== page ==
Throw Like a Girl

February 11, 2016

Posted By: Shaunescy


I still recall the moment like it was yesterday. Living room packed with family and friends, the energy of our little football gathering was magnified by the fact that our Seahawks were back in the Super Bowl. Distracted by conversation, kids running from one room to the next and a smorgasbord of good eats, I only remember one commercial from last year’s Super Bowl—but I remember it vividly.

The little girl with the freckles immediately captured my attention. She couldn’t have been much older than my daughter. There was a seriousness about her that drew me in. Within 30 seconds of watching, I asked my dad to pause and play it back. This commercial pulsed with a “girl power” message that I wanted—felt I had—to share with my little one. I called her away from the chaos of kids; and together, we watched the most impactful television commercial I’d ever seen.

Fast-forward a year. On the eve of her first basketball practice, I could tell my daughter was apprehensive when she learned her team would consist mostly of boys. The previous winter, playing only against girls, she shined. But, for whatever reason, I’d noticed recently that when she played against boys, she became less engaged, more self-conscious and timid.

My reason for wanting my child to play basketball is simple. As a high school varsity basketball coach for nearly a decade, I witnessed firsthand the tremendous—perhaps unmatched—power that sports can play in building confidence, trust and a sense of self, for boys and girls alike.

And as a proud father to a little girl with a heart and spirit the size of Montana, like most parents, I’ve made it my mission to help her feel comfortable in her own skin and believe in her limitless potential. But in recent years, it’s become about more than that.

That Super Bowl Like-a-Girl commercial captured it perfectly. What I want is for her to take pride in doing things “like a girl.” Each year, I see my little one becoming more inhibited, paying more attention to how other people perceive her. This worries me.

So, what does a dad do to enhance his daughter’s confidence? I write her notes, tell her how proud I am to be her dad, and – on this eve of her first co-ed basketball practice – I turn to YouTube. Sitting together, my 8-year-old and I watch a short documentary about Mo’ne Davis, the 13-year-old Philadelphia phenom who, as the only girl playing with the boys, took the Little League World Series by storm this past summer. My daughter was mesmerized. Here she was, a girl who boys wanted to play like. As she watched Davis swing, throw and shoot baskets with graceful ease, I could literally see my girl’s body straighten, chest out and chin up.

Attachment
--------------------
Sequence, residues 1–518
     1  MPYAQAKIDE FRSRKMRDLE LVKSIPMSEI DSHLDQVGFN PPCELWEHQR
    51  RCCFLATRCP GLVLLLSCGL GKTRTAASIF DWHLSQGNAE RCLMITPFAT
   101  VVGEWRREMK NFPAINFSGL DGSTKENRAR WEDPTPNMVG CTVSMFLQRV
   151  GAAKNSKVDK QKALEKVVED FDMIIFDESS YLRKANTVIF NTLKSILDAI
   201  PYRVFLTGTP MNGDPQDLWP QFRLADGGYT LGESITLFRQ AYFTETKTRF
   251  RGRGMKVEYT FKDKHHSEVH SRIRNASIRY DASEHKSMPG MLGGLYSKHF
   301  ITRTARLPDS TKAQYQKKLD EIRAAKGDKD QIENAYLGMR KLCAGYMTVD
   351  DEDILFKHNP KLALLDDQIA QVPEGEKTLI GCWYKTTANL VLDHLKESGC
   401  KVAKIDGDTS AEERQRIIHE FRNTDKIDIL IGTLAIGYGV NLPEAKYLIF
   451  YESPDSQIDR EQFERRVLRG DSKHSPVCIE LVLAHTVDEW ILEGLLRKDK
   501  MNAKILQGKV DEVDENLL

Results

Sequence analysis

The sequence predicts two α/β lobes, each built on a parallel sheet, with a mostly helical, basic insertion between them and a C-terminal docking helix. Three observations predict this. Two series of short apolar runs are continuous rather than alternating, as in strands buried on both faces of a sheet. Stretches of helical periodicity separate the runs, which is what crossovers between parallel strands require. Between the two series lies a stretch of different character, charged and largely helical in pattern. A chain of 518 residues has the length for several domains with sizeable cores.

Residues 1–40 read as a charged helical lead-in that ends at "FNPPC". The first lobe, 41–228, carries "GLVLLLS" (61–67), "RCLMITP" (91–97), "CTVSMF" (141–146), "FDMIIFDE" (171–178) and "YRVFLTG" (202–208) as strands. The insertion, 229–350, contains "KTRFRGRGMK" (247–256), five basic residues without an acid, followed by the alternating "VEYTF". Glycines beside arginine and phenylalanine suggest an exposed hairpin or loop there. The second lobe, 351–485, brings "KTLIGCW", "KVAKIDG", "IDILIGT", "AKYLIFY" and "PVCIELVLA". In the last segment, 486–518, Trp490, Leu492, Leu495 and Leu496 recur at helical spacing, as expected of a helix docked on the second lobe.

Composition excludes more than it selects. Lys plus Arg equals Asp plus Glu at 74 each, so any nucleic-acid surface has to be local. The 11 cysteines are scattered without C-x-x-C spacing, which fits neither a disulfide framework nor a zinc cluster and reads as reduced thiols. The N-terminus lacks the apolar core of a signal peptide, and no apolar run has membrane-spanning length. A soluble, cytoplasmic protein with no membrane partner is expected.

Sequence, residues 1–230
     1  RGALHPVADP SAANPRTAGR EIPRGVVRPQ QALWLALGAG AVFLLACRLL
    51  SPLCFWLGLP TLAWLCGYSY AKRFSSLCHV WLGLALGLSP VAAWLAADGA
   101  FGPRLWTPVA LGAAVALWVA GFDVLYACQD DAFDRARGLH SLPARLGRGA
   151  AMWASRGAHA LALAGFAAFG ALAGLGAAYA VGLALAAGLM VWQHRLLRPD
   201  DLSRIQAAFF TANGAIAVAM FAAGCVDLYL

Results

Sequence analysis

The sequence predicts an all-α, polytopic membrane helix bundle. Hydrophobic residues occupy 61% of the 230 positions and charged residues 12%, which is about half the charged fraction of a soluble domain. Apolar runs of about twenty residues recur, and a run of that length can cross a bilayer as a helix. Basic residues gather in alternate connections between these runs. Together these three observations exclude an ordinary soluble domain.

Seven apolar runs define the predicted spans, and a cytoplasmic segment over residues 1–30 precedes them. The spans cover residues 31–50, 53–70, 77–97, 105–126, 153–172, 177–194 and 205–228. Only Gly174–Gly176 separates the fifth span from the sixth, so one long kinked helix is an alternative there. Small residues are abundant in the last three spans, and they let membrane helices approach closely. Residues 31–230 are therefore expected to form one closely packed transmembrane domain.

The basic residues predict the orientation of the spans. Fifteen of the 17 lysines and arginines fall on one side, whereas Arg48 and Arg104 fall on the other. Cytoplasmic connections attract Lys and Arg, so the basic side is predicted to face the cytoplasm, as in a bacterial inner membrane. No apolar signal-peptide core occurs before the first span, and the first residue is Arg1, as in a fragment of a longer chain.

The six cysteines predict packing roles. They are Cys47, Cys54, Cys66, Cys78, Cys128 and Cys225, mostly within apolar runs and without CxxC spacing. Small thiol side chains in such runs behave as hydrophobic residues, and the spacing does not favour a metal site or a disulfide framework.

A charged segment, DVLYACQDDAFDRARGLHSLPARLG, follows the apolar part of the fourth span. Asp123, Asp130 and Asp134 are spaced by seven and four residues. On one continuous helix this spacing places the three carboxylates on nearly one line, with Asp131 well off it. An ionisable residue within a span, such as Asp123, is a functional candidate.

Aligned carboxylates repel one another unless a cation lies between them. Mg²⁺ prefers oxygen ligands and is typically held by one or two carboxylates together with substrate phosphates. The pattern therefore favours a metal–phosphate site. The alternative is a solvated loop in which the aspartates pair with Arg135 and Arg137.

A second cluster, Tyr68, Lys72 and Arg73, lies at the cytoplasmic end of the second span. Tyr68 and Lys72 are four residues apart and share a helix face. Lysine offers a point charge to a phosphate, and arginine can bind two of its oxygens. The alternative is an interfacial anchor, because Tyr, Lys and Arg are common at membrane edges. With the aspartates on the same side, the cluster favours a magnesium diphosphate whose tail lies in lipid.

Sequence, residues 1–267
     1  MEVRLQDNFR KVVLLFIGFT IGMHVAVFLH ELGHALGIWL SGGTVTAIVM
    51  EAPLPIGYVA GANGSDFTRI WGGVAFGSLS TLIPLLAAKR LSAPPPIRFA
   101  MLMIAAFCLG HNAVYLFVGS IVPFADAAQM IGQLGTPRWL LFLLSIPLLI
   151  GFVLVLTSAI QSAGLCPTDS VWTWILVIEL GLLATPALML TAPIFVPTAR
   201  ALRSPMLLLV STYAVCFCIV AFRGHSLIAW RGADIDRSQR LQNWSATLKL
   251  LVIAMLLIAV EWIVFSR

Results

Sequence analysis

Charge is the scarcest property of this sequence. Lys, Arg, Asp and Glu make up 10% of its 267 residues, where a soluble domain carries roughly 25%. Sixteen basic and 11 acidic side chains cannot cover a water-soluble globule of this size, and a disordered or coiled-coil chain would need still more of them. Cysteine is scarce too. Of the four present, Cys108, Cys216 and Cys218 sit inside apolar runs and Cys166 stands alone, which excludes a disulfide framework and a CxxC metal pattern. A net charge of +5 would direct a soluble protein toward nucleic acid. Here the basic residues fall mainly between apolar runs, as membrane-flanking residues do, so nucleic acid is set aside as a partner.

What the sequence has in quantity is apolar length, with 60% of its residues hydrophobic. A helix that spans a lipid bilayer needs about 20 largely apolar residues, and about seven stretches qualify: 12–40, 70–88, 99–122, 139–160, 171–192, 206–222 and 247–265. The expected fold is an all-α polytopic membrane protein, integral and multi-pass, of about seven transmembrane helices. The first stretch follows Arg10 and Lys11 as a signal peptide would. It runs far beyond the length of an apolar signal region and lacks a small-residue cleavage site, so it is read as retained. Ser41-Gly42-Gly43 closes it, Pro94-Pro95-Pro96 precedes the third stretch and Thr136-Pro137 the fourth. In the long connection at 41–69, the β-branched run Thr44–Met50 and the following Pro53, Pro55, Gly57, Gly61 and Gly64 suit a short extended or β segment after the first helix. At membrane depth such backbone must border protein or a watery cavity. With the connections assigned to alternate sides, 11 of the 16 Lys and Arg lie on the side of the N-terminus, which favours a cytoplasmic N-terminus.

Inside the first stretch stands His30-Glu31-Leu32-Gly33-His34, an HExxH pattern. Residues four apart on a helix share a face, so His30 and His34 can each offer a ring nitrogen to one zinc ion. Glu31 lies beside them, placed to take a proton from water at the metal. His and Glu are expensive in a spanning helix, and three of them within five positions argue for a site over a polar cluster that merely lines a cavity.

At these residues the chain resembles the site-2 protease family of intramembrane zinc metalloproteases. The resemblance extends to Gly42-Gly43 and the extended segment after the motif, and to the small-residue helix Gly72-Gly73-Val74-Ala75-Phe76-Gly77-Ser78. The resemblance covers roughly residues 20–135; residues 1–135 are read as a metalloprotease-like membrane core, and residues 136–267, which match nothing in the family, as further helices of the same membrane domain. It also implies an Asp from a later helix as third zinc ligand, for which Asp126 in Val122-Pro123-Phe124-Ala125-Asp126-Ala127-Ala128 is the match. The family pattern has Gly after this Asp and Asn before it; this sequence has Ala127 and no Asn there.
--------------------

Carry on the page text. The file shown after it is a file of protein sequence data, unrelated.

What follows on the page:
We spent the next 20 minutes watching one Like-a-Girl commercial after another. Just as I had months earlier, I couldn’t help but tear up. When we were done, my daughter turned to me and asked, “Why did you cry about those videos, Daddy?”

“Because I love you so much,” I answered. “And because you run like the wind, you throw with such strength and you shoot a basketball with ease.”

My message to my 8-year-old that night was simple: To do things like a girl is to be fierce, powerful, graceful and courageous.

In a world where girls are objectified on television, in magazines and in music lyrics, where scantily- clad images have become the norm on Instagram, and where one in five college-aged girls will be sexually assaulted while pursuing their degree, I can’t help but believe the message we share with our children now is more important than ever.

As all parents know, sometimes we have to get creative in our messaging. This can mean reaching out for inspiration. It’s easy to walk through the motions of parenting when exhaustion sets in

and the entire week feels as if it were a blur. But when we are able to be intentional enough in our interactions to develop a game plan, we have the option to lay the foundation for a mind-set that will help our children break out of the box of cultural norms and thrive, even when things get tough.

The mind-set we help our kids develop at an early age can be a game changer as they uncover their emerging sense of self. That night, and several times since, I have seized upon the Like-a-Girl commercials to help me do just that.

The note in Kamiah’s lunchbox the next day was pretty straightforward.

“Whatever you do, be proud to do it like a girl. Love, Dad.”


Michael W. Leach is a father, author, motivational speaker and rabble rousing green guy. His latest book Be Audacious: Inspiring Your Legacy and Living a Life That Matters, propels millennials

to change the world. His blog is basecamp for adventurous people striving to live extraordinary lives. He lives, loves and dreams with his wife and daughter in Bozeman, Montana.

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